This is what separated role players from roll players in my book, simply because you can’t play a role if there isn’t one, and character motivation stemming from the psychological is what defines the role of the character. Great stories derive from great characters. Great characters generate conflict, both internal and external. I’m not sure if I said it here before, but the best advice I ever received as a story teller was, “Keep the story simple, and let the players fuck it up.” This can happen in a lot of ways, but the best ways are when a character’s in-game motivation is the cause of the swerve. (note: this doesn’t mean your character’s motivation supersedes the fun of the other players, always weigh the good of the story vs. the good of the game)

Well, you are now primed and ready to create your own 3 dimensional characters. As always questions, comments, and suggestions are always welcomed.

Good Gamin’

Thursday, July 12, 2012

The Three dimensions of character (Part 2) – Sociological

The Three dimensions of character (Part 2) – Sociological

Where and how a person is brought up can effect a great deal about that individual. Factors such as religion, Socio-economic status, and even climate can affect how a person develops and grows, and it is these aspects that I mean when I talk about the sociological elements of a character.

Primarily, our sociological traits dictate our value system. What is good? What is evil? Our determination of right and wrong are strongly affected by the what, where, when, and how of our upbringing.

Let’s take religion for starters. Religion is what supplies most people with the foundation for a moral compass. If your religion dictates that if 3,000 souls are not sent to the underworld every March Jellotrix the Smuckinator will destroy the world in a deluge of grape jelly, then were does killing fall on your moral scale?  If you don’t kill aren’t you damning the entire world to an early grave, is that more evil than ridding the world of 3,000 “evil” souls every spring?  Throw faith and doubt into the mix, and now you got some story fodder.  What if your character is at 2,999 souls at 11:58, on March 31st and the only person nearby is his son? Does he hold fast to his faith, or give into doubt, and what effect will the result have on his world view? What does it mean if nothing happens? Take a minute to think about your character’s relationship to the divine. What are his beliefs, and how strongly does he hold them, and why?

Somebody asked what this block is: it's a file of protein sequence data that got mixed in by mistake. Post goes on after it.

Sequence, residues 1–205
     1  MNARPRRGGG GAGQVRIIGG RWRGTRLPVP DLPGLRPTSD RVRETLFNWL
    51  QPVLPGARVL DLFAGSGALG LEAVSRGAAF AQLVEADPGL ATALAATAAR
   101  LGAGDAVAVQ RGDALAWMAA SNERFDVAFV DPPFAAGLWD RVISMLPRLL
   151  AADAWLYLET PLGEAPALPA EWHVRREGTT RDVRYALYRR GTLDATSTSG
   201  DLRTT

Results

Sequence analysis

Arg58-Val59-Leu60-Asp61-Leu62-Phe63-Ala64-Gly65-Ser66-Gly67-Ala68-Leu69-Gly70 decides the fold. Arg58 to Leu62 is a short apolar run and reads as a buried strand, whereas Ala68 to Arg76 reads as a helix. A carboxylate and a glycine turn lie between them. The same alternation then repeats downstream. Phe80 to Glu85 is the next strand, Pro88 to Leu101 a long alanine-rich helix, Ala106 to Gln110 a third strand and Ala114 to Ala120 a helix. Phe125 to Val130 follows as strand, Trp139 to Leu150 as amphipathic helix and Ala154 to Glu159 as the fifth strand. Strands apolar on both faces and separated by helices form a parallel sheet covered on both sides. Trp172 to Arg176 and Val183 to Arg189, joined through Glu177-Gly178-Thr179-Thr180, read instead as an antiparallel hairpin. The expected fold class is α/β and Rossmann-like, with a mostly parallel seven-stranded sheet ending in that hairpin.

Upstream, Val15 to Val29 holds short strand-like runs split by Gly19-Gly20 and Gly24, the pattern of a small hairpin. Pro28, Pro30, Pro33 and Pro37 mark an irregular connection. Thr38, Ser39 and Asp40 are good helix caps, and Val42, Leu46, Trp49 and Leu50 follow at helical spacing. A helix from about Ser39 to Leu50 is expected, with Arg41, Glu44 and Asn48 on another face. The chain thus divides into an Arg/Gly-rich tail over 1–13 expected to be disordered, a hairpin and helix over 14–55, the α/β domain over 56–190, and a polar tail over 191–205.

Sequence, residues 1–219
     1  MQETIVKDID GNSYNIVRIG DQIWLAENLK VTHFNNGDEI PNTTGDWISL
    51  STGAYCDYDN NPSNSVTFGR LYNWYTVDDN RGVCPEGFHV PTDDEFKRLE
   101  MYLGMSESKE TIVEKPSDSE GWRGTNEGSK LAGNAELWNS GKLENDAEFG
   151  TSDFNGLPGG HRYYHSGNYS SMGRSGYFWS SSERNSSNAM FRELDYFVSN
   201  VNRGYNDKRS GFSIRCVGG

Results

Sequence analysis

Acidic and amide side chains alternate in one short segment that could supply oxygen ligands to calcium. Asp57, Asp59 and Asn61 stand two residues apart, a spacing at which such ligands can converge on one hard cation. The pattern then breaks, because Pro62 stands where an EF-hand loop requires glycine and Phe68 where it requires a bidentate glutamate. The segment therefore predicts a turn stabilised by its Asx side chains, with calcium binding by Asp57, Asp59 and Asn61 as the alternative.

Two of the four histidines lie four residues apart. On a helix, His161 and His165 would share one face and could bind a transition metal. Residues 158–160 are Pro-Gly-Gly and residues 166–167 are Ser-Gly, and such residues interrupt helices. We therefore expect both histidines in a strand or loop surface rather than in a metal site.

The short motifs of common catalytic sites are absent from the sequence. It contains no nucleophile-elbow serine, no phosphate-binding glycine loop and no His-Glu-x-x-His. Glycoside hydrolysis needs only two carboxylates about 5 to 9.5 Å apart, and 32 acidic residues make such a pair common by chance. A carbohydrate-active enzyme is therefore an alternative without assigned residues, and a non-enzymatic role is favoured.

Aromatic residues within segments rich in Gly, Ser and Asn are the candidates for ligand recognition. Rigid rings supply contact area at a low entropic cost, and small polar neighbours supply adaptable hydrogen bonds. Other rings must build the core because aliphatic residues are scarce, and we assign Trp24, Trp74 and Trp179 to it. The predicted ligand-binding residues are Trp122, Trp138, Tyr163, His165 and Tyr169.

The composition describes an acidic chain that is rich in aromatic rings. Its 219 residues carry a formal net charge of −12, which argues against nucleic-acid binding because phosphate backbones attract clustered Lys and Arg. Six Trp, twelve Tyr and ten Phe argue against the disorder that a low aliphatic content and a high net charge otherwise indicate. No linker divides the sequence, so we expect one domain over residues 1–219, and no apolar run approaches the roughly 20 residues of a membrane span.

Socio-economic status is another important factor. Is your character rich, or poor?  Does he know the value of a hard days work, or has he never worked a day in his life? Supply and demand, our level of need dictates the value we place on things. If you have a hundred swords, but only one loaf of bread what do you place a higher value on? The ease in which you acquire your livelihood is also a factor in your value system. A farmer, who toils sixteen hours a day in the fields, sees his purse much differently than an aristocrat living off his father’s wealth. So, think about how your character earns his living. In which socio-economic strata he was raised. What resources were plentiful and which were scarce.

There are many other factors that play into the sociological aspect of your characters background.  Look to your own past, think about the people, organizations, jobs, hobbies, climates that affected your development. What values did these relationships instill?  Where we come from says a lot about who we are, and this is just as true for our characters.